2

To whom requests for reprints should be addressed, at Hospital for Sick Children, 555 University Avenue, Toronto, Ontario, Canada, M5G 1X8. Phone: (416) 813-6426; Fax: (416) 813-4975; E-mail: peter.dirks@sickkids.ca

3

The abbreviations used are: BTSC, brain tumor stem cell; TSM, tumor sphere medium; EGF, epidermal growth factor; bFGF, basic fibroblast growth factor; FBS, fetal bovine serum; PDGFR, platelet-derived growth factor receptor; SKY, spectral karyotyping; SFM, serum-free medium; GFAP, glial fibrillary acidic protein.

Table 1

Summary of patient population

Patient #SexAge (yrs)Tumor locationPathological subtype
2.5 Infratentorial Medulloblastoma 
Infratentorial Medulloblastoma 
Infratentorial Medulloblastoma 
Infratentorial Medulloblastoma 
Infratentorial Medulloblastoma 
Infratentorial Medulloblastoma 
Infratentorial Medulloblastoma 
Infratentorial Pilocytic astrocytoma 
Infratentorial Pilocytic astrocytoma 
10 Infratentorial Pilocytic astrocytoma 
11 14 Infratentorial Grade 2 astrocytoma 
12 2.5 Infratentorial Ependymoma 
13 Supratentorial Ganglioglioma 
14 11 Infratentorial Medulloblastoma 
Patient #SexAge (yrs)Tumor locationPathological subtype
2.5 Infratentorial Medulloblastoma 
Infratentorial Medulloblastoma 
Infratentorial Medulloblastoma 
Infratentorial Medulloblastoma 
Infratentorial Medulloblastoma 
Infratentorial Medulloblastoma 
Infratentorial Medulloblastoma 
Infratentorial Pilocytic astrocytoma 
Infratentorial Pilocytic astrocytoma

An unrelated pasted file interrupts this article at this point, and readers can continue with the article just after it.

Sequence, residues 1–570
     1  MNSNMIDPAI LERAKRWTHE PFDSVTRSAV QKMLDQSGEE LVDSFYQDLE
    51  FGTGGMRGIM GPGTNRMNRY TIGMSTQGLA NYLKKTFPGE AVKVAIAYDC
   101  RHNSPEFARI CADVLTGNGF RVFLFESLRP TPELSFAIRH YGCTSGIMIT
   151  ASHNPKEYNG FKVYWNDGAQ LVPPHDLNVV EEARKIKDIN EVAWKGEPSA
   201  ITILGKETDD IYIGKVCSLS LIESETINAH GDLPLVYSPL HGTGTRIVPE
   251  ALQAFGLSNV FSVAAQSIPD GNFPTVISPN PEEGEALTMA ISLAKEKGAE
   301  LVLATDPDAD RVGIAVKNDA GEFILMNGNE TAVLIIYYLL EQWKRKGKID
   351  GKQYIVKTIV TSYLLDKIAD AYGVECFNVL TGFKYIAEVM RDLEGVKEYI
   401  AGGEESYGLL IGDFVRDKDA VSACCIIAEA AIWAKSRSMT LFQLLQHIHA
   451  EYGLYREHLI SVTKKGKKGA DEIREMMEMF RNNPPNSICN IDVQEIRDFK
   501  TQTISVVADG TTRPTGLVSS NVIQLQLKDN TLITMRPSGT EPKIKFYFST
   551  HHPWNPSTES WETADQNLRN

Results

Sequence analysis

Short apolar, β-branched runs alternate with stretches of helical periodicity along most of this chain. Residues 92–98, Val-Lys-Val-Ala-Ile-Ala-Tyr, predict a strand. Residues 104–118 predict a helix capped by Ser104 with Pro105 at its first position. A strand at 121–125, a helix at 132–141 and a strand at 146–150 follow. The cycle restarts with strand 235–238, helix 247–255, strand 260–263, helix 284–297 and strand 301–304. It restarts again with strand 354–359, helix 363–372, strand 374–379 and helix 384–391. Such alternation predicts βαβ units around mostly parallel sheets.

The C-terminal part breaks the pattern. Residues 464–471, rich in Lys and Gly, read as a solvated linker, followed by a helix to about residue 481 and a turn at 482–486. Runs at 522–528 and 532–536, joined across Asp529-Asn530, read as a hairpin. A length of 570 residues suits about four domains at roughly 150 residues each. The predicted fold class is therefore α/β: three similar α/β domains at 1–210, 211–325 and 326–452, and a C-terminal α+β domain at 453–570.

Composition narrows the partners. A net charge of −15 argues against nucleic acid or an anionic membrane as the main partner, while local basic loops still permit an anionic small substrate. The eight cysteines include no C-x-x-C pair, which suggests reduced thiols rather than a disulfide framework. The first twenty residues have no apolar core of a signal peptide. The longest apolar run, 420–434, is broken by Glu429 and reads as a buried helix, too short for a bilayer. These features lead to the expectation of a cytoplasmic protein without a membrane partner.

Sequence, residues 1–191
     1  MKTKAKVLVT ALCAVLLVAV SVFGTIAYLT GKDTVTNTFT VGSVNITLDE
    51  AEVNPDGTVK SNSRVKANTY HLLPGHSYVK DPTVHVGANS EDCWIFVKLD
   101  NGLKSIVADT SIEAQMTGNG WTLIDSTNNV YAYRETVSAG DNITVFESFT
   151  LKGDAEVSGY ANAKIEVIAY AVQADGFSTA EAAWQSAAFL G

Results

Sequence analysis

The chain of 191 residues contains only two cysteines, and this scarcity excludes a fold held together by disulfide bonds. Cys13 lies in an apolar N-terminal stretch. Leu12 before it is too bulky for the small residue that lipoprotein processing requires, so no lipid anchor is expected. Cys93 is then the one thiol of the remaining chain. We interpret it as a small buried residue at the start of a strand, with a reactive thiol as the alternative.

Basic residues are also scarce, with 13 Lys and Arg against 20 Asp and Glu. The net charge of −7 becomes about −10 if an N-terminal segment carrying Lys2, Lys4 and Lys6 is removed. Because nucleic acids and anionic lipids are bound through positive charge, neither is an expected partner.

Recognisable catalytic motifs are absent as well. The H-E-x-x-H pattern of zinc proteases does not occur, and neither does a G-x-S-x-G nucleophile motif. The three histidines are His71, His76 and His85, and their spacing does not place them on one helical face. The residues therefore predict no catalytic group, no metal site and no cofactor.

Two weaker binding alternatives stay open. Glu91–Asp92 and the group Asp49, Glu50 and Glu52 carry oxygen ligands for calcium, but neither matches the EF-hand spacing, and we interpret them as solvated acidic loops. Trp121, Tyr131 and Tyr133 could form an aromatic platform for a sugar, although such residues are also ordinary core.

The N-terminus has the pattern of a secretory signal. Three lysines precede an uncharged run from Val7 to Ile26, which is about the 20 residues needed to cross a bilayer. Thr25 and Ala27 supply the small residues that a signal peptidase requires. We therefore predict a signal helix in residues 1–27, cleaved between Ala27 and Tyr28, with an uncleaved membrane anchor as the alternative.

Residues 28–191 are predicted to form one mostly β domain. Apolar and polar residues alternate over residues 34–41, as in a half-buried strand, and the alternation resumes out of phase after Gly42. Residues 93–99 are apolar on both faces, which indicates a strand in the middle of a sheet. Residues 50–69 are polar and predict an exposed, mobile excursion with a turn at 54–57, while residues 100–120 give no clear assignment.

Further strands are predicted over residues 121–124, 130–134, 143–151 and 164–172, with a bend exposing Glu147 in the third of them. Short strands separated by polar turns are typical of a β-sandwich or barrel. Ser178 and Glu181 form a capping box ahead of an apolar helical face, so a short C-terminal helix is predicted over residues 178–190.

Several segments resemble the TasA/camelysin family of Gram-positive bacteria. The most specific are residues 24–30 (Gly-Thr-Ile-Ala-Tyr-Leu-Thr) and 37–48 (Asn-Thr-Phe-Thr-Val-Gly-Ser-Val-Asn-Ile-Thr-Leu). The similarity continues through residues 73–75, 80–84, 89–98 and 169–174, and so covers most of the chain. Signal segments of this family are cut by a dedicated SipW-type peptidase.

10 Infratentorial Pilocytic astrocytoma 
11 14 Infratentorial Grade 2 astrocytoma 
12 2.5 Infratentorial Ependymoma 
13 Supratentorial Ganglioglioma 
14 11 Infratentorial Medulloblastoma 
Table 2

Primary sphere formation assay

Tumor typePrimary sphere (clonogenic) frequency
Medulloblastoma (n = 3) 13.8%, 14.8%, 25.1% 
Pilocytic astrocytoma (n = 3) 0.3%, 1.3%, 1.5% 
Glioblastoma (n = 1) 11.4% 
Anaplastic ependymoma 8% 
Tumor typePrimary sphere (clonogenic) frequency
Medulloblastoma (n = 3) 13.8%, 14.8%, 25.1% 
Pilocytic astrocytoma (n = 3) 0.3%, 1.3%, 1.5% 
Glioblastoma (n = 1) 11.4% 
Anaplastic ependymoma 8% 
Table 3

Self renewal capacity of tumor subtypes

SampleMean × intercept ± SDSample number
hNSCa 98.25 ± 4.6 
Medulloblastoma 23.5 ± 17.0 
Gliomas 99.18 ± 45.9 
SampleMean × intercept ± SDSample number
hNSCa 98.25 ± 4.6 
Medulloblastoma 23.5 ± 17.0 
Gliomas 99.18 ± 45.9 
a

hNSC, human neural stem cells.

Table 4

CD133 expression of brain tumor stem cells

Patient #Tumor pathology% CD133 expression by flow cytometry
Medulloblastoma 45.4 
Medulloblastoma 6.1 
Medulloblastoma 14.2 
Medulloblastoma 12.9 
Pilocytic astrocytoma 3.5 
Pilocytic astrocytoma 7.7 
10 Pilocytic astrocytoma 37.1 
Control Embryonic mouse neural stem cells 45.4 
Patient #Tumor pathology% CD133 expression by flow cytometry
Medulloblastoma 45.4 
Medulloblastoma 6.1 
Medulloblastoma 14.2 
Medulloblastoma 12.9 
Pilocytic astrocytoma 3.5 
Pilocytic astrocytoma 7.7 
10 Pilocytic astrocytoma 37.1 
Control Embryonic mouse neural stem cells 45.4 

We thank John Dick for inspiration, mentorship, and guidance; Sean Egan for invaluable help and advice; Michael Ho, Gisele Knowles, Jane Bayani, and Jana Karaskova for expert technical assistance; and Todd Mainprize and Ajay Pandita for helpful discussions. We thank Dr. Wieland Huttner for antihuman prominin antibody. We also honor the late Larry Becker for his constant devotion to the principles of our work, and his inspired efforts on our behalf.